Choosing a career/choosing a major
Security vs. adventure. Accountant, Peace Corps volunteer, journalist, college professor. Ultimately, your son or daughter should make the choice. Of course, you may want to mention factors to consider, such as job market demand, salary ranges, long-range opportunities, skills required, etc. Just because an occupation is “hot” now does not mean it will be equally in demand in 10 years or that your child has the aptitude or motivation for it.
Choosing to double major/choosing a major and minor
Most employers do not place a premium on a double major. It usually requires an extra one or two semesters to obtain a second major and does not particularly enhance a student’s marketability. Exceptions would be a second major or a major and minor chosen for a specific career, such as English and chemistry for technical writing, or a health policy major and business minor for hospital administration. Of course, some students may choose to double major primarily for academic/intellectual purposes.
Grade point average (GPA)
Some students who get off to a rocky start eventually pull up their grades; however, this can be very difficult to do. Advanced placement credits and study abroad courses generally do not count in the computation of a student’s GPA Some employers use GPA cutoffs in considering applicants. Other employers stress the student’s overall background: experience, number of hours worked during the school year to finance college, leadership activities, etc. Encourage your son or daughter to make academics a high priority beginning with his or her freshman year. Nevertheless, it is important to remember that it may take him or her a while to adjust to the rigorous academic demands of college.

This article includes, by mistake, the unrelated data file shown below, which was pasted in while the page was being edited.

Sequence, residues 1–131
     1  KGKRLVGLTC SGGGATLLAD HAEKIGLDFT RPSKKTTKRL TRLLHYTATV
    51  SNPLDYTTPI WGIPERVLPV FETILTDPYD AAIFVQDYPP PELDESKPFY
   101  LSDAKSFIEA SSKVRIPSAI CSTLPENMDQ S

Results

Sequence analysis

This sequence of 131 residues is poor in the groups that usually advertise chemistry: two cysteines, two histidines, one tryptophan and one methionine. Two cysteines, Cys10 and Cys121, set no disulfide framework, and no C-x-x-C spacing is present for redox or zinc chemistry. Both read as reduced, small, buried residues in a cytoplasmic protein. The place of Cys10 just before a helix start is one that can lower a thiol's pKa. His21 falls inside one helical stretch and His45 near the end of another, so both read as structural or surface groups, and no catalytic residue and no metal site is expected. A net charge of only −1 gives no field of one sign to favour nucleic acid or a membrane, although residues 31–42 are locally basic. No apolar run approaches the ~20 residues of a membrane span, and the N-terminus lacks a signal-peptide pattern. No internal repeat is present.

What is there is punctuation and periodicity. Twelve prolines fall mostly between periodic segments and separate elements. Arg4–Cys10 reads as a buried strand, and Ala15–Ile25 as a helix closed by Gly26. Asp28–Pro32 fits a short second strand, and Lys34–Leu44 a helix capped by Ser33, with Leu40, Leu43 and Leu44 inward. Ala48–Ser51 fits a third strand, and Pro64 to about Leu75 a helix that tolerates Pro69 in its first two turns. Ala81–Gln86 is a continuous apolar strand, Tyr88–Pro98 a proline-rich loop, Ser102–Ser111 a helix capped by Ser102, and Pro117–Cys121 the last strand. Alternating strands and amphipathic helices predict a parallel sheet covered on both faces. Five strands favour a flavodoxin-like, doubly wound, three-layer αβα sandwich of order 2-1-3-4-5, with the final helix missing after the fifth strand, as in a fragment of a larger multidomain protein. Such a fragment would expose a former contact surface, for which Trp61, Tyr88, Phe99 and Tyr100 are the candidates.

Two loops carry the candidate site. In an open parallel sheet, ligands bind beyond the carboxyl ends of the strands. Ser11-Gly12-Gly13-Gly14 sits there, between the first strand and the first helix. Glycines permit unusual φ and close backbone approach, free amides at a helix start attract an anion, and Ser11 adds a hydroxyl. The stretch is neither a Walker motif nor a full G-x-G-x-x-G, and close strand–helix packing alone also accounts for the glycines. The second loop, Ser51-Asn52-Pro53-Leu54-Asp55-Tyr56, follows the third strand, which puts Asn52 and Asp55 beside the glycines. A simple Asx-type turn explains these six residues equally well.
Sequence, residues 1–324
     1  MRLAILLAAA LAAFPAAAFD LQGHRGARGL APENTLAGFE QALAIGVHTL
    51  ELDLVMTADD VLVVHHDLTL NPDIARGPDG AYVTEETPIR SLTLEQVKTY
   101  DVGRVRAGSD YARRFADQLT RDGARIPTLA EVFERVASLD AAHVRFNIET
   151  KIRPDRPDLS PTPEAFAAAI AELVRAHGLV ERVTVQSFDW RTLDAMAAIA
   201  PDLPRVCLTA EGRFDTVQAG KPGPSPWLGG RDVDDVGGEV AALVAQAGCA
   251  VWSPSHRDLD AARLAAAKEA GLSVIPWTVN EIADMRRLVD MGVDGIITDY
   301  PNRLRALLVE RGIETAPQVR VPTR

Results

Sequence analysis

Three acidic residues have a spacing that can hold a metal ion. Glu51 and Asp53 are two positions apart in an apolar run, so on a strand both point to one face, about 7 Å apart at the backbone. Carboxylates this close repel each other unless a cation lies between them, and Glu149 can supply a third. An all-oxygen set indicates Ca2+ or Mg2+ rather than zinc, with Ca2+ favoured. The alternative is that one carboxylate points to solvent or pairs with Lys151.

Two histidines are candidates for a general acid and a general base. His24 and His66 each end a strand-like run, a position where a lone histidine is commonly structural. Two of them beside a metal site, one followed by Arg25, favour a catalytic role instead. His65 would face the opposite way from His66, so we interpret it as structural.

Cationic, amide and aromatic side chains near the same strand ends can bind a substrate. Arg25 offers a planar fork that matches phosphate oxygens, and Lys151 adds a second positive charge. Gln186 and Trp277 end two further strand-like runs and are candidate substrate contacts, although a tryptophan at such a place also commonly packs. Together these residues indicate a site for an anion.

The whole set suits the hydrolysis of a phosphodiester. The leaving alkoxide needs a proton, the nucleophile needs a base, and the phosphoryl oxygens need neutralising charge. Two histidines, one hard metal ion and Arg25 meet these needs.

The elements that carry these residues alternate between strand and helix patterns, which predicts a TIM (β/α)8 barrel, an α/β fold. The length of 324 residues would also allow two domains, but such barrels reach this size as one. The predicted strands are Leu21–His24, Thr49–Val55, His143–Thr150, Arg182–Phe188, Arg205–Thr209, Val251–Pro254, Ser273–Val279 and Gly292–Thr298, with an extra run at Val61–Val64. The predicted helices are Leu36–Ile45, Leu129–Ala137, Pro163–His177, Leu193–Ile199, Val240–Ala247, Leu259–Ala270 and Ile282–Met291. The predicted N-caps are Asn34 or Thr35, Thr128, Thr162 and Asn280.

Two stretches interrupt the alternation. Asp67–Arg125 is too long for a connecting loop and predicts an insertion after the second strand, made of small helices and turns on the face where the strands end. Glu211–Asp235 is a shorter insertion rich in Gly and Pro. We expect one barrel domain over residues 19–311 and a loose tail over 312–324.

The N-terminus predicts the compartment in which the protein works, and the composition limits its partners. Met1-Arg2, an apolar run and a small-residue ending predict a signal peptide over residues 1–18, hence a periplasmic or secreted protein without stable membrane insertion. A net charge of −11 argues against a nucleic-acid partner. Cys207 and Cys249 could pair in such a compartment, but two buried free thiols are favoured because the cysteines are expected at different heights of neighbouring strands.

Obtaining marketable skills
Most employers today put more emphasis on graduates’ skills than on their academic majors. Encourage your son or daughter to develop strengths in at least two or three of the following areas:
- Computer skills (e.g., programming, word processing, spreadsheets, data base management, e-mail, Internet);
- Quantitative skills (e.g., accounting, statistics, economics);
- Communication skills (e.g., written and oral);
- Marketing/selling skills (e.g., sales, publicity, fundraising);
- Scientific skills (e.g., lab skills, scientific research);
- Foreign language skills (e.g., especially French, Japanese, Mandarin, or German);
- Leadership skills (e.g., supervisory, extracurricular leadership roles, teamwork/team leader).
Many employers rate leadership activities even more highly than GPA. Students who were very active in high school activities may be less involved in college extracurricular activities. However, employers regard high school as “ancient history” for a college senior. It is more valuable for a student to be involved in a few meaningful leadership roles on campus than to be in a “laundry list” of many campus clubs.